One task of real education is to put these difficulties on the student’s plate and not avoid them.

Linguistics as such is not what’s at issue but rather a “meta-intelligent” sense of language, written or spoken as highly mysterious with or without the research into vocal cords, language genes (FOXP2, say) or auditory science and the study of palates or glottal stops and fricatives, grammars and syntax.

Seeing this promotes deep education (i.e., where understanding touches holism in an enchanting way).

Essay 42: The View From Nowhere as an Additional Problem in “Thinking About Thinking”

The View From Nowhere is a book by philosopher Thomas Nagel.

Published by Oxford University Press in 1986, it contrasts passive and active points of view in how humanity interacts with the world, relying either on a subjective perspective that reflects a point of view or an objective perspective that takes a more detached perspective. Nagel describes the objective perspective as the “view from nowhere,” one where the only valuable ideas are ones derived independently.

Epistemology (what we can know and why) is puzzling to the max if you ponder it for a moment. Think of a painting in a Boston museum. If you walk up to it, you see only the little piece in front of your nose so you back up and try to get an “optimal grip.” (to use Prof. Merleau-Ponty’s language.) If you walk all the way to China and try to see it from there, you will see nothing of it, no matter what telescope you might use. This is sort of what we mean by “the view from nowhere.” You’re way too far.

This brings us to the problem of the “detached observer” (modern versions of which stem from Descartes, who wants to get a bird’s eye view of all other bird’s eye views.  This is tricky and elusive for the obvious reasons. When Richard Feynman or some other physicist theorizes, is he not achieving a view from nowhere or is he? No one will deny a place to theoretical “standpoints” and “viewpoints.” The theoretician is himself a person who breathes, and sneezes, and yawns, and gets hungry and has to stretch his or her legs after too much sitting. One can’t quite “move into one’s own mind” since all theory is “embodied.”

Human beings have the unique ability to view the world in a detached way:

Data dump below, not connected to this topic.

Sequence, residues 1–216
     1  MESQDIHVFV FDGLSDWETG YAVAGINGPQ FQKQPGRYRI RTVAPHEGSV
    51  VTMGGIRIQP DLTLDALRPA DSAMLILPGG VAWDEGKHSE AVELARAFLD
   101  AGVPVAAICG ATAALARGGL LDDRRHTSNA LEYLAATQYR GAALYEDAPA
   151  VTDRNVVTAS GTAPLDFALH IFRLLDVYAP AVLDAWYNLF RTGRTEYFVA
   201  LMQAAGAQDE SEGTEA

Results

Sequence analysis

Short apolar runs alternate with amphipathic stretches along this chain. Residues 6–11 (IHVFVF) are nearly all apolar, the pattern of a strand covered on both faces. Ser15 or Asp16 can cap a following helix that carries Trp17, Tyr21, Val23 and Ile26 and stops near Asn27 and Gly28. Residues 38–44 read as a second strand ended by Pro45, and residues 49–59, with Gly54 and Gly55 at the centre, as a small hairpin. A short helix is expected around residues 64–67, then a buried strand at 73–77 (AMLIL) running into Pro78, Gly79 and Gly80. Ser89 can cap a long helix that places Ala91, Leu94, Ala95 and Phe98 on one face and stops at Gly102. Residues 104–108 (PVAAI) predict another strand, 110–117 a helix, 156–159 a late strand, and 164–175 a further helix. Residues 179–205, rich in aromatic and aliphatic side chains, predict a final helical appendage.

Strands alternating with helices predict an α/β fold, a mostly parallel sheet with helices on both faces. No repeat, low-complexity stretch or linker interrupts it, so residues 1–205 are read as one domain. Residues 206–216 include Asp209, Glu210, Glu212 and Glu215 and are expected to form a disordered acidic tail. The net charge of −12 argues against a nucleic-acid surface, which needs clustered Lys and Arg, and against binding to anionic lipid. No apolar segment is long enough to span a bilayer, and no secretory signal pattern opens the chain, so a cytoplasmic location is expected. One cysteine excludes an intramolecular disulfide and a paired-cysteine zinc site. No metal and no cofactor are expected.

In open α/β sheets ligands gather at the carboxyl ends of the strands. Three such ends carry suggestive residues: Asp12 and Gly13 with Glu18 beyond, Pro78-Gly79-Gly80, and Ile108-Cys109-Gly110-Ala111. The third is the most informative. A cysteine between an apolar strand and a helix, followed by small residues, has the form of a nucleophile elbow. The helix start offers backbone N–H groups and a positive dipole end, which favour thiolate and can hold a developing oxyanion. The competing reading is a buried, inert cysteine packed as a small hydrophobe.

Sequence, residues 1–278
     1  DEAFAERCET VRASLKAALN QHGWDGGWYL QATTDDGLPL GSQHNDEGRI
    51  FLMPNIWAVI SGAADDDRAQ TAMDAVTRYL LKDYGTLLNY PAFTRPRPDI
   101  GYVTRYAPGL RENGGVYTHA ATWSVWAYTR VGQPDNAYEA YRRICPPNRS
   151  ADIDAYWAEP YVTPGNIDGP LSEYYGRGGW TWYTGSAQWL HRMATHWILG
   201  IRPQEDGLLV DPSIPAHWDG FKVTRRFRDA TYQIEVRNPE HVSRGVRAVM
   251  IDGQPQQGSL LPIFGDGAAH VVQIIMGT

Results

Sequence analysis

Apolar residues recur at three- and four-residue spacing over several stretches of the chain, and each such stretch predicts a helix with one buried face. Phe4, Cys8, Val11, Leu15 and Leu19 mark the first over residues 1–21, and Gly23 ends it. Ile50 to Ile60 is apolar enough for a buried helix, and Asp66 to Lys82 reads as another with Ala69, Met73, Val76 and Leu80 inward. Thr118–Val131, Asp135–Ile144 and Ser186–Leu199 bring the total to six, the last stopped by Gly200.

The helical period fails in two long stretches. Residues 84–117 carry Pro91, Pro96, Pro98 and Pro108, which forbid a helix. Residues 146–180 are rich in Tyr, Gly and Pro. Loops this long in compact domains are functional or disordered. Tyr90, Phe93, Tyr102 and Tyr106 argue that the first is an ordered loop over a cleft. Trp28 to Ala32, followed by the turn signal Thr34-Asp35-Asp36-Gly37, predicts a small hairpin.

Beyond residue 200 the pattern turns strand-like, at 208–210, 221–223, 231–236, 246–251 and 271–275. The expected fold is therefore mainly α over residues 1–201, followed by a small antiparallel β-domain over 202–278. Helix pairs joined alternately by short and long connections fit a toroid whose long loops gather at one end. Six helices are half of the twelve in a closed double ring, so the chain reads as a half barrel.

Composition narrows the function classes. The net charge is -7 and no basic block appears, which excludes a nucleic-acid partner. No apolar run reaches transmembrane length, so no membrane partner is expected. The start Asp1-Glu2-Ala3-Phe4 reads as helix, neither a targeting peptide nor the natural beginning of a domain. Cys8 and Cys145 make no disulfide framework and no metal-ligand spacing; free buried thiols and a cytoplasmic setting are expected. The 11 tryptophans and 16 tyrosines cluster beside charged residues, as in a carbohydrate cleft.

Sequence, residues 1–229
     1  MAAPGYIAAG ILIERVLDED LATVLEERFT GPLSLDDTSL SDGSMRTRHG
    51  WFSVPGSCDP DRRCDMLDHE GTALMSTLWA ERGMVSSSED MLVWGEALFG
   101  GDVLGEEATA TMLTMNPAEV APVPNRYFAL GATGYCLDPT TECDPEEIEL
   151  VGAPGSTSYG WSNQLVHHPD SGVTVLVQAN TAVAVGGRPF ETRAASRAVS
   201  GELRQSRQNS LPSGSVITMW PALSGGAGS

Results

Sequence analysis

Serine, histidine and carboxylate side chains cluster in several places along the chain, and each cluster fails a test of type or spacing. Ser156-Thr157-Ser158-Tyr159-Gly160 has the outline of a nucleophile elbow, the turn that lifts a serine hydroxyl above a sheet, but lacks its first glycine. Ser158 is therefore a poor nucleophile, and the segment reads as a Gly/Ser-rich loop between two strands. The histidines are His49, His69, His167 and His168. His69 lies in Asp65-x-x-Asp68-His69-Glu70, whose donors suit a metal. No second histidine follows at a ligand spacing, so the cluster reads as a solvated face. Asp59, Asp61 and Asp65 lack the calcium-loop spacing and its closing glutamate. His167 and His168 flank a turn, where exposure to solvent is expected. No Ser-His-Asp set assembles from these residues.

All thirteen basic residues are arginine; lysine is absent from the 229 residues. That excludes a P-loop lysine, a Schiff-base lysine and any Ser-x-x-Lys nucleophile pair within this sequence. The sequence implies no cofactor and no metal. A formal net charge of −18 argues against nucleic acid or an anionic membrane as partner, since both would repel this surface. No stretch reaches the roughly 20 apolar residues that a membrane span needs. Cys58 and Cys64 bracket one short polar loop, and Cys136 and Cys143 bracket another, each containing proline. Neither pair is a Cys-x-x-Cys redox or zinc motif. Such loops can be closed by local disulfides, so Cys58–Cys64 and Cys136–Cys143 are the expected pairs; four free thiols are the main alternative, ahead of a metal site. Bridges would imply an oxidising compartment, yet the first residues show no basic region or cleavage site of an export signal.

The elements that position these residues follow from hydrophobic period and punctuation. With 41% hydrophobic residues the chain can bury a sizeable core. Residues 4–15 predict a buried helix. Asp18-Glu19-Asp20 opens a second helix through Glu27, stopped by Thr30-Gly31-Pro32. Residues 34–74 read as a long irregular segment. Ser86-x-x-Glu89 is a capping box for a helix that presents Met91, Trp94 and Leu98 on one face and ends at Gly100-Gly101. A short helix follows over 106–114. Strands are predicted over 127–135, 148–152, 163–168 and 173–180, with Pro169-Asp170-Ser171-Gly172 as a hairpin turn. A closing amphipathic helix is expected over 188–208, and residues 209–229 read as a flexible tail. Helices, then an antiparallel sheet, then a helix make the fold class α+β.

We can think about the world in terms that “transcend” our own experience or interest, and consider the world from a vantage point that is, in Nagel’s words, “nowhere in particular.”

The strange human situation is seen from the fact that this “view from nowhere,” this “detached observer” theoretical stance, includes the theorist himself, the detachment and the theory as part of the “bird’s eye view” without any particular concrete bird serving as your ambassador or proxy.

“The unifying theme, as Nagel puts it at the beginning, is the problem of how to combine the perspective of a particular person ‘inside the world’ with an objective view of that same world, the person and his viewpoint included.”

(Bernard Williams, 1986 book review, London Review of Books.)

We have already seen the problem of Husserl‘s (died in 1938) “rhomboid” or “matchbox” (i.e., you can’t see the entire matchbox all at once) or Ortega y Gasset‘s “orange” (i.e., you cannot see the back or obverse or reverse of a spherical orange unless you walk around it and lose the first view from the front) and all this “partial viewing” takes place on “Neurath’s boat.” (Where we’re like sailors on a knowledge ship and can’t go back to any origins and can’t discuss Platonism with Plato himself. The Harvard philosopher Quine, among others, mentions this problem.) The ship movies forward and the “matchbox/orange” are viewed in some cabin on the ship (i.e., your field, such as chemistry or history or biology).

Lastly: think of the opening line of Thomas Mann’s (died in 1955) great novel, Joseph and His Brothers: “Deep is the well of the past. Should we not call it bottomless?”

In other words, there is no way for us as “knowledge detectives” to go back to the origins of ourselves or our history since that’s all unrecoverable and lost “in the mist of time.”